The length makes them more practical and wearable in the mild Texas winters. The black graphic waistbands seen on his underwear also work well here, grounding the lively print while also lending the ThrIII brand further cohesion and fluidity. Bell upcycles a certain amount of special fabrics that speak to him, which ensures that collections are of a limited nature.
Bell’s eye-catching short-sleeved sequin hoodie is another standout amongst his product lineup.
“I love that I started off with matte sequins so it wasn’t shiny or glossy but still had a great texture to it. If you put a really masculine guy into sequins it actually works well,” Bell says. “It doesn’t add a feminine aesthetic like you would think. It’s kind of sporty but also a little glam. We started with black and then green.”
He knows that his clothing requires a certain confidence to wear but also reminds us that the tradeoff in fashion also make us feel good too. For example, the sequins may or may not require courage but the fit that hugs you in all the right ways makes you feel great.
Bell’s bold designs push the street/lounge aesthetic but they’re supposed to. Bell is familiar with Dallas and its sometimes conservative fashion tendencies and yet encourages us to grow.
“I would like to push the envelope as far as what people are digesting,” he says. “In Dallas, we typically stick to a more standard color, design or cut because that is what we know and it is safe. There are of course exceptions and different stages of this. I want to see the Dallas customer, my customer, whoever decides to wear this, feel the freedom of being able to jump into what they want to wear and how they want to wear it.”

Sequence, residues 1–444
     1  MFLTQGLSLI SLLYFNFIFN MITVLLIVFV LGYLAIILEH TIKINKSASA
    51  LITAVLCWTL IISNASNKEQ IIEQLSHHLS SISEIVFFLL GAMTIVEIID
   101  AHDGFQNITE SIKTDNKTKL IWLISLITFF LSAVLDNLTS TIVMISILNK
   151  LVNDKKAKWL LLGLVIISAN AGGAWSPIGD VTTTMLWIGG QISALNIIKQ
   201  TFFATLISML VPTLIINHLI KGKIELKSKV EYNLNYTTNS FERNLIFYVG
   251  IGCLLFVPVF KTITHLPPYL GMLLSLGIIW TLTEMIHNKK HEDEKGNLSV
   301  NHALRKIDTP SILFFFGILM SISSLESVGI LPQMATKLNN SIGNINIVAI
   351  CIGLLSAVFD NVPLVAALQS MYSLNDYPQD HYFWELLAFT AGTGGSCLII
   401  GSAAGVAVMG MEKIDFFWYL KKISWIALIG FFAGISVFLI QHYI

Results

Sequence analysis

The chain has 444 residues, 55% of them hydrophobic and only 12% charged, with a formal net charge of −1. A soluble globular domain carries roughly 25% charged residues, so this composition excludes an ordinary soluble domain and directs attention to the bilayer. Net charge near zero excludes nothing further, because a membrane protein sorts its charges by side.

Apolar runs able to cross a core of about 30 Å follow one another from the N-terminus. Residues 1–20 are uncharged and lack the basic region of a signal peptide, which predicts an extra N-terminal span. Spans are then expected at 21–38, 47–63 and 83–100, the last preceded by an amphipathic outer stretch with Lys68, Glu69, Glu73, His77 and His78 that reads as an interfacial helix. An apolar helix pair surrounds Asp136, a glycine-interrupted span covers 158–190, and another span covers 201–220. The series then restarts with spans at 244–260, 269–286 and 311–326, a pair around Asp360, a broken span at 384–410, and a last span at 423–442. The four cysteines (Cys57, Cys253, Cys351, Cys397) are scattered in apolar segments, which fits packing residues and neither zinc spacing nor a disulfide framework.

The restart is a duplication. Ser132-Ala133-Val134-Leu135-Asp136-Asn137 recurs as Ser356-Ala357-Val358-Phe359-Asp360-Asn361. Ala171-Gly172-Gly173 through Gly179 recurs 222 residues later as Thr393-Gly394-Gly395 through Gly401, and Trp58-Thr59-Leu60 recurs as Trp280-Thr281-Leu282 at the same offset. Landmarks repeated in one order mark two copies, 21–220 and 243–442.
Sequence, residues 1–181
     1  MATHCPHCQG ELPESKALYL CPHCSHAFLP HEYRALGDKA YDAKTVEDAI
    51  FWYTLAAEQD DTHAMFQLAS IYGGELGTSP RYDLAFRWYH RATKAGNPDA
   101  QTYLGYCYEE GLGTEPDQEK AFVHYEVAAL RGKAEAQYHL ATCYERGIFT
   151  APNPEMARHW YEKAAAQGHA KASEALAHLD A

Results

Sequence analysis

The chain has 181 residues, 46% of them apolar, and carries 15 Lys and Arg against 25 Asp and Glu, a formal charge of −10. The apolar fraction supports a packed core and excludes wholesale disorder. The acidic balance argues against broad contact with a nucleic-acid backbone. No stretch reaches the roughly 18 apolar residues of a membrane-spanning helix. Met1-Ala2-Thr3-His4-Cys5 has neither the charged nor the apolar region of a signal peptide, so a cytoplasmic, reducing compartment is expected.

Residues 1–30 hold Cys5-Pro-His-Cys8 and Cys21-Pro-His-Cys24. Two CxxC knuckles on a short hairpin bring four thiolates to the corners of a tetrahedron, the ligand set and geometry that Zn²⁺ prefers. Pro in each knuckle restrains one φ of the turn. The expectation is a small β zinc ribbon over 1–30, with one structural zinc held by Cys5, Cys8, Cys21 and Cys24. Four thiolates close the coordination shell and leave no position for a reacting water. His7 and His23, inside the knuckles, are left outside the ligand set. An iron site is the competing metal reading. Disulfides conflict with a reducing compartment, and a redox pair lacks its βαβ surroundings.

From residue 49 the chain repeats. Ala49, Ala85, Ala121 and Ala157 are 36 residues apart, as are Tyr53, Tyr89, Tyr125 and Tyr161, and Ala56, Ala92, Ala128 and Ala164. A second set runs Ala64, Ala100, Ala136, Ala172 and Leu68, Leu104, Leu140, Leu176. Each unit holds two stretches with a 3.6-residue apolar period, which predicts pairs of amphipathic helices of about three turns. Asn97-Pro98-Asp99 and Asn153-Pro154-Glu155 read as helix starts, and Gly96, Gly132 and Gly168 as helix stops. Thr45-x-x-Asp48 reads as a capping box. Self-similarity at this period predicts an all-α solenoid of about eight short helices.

Bell officially launched his brand this spring with a fashion show during Texas Bear Round Up, and he also made a strong showing at the Pin Show. He’s also been driving cross-country to have a presence at gay Pride events all over the nation, including Orlando, San Diego and Denver. He’s kept the ThrIII brand available online and at Skivvies, and the line also includes leather and wool vests, leather and sequin track jackets, pink leopard basketball shorts, swimwear (think water proof sequins), and he even does custom work upon request.
Add to all of this: Bell is studying for his Ph.D. in art education, while also working full-time at Wade College as a professor of fashion design while serving as design division director.
How does he balance it all?
“Segmentation of what I have is really wonderful,” he says. “I used to produce three different lines out of the house which was extremely difficult especially with our dogs. And school is just a sprinkling here and there.”
And Corey — now his husband, and a staunch defender of his underwear — is still integral to his work, actually managing the business side of ThrIII and providing an anchor.
“He helps me edit down and we balance each other out,” Bell says. “Don’t get me wrong: sometimes there are emotions and things that come into play. But in the end [those] contradictions work well for us.”
Relationships, like fashion, are all personal style.
This article appeared in the Dallas Voice print edition November 14, 2014.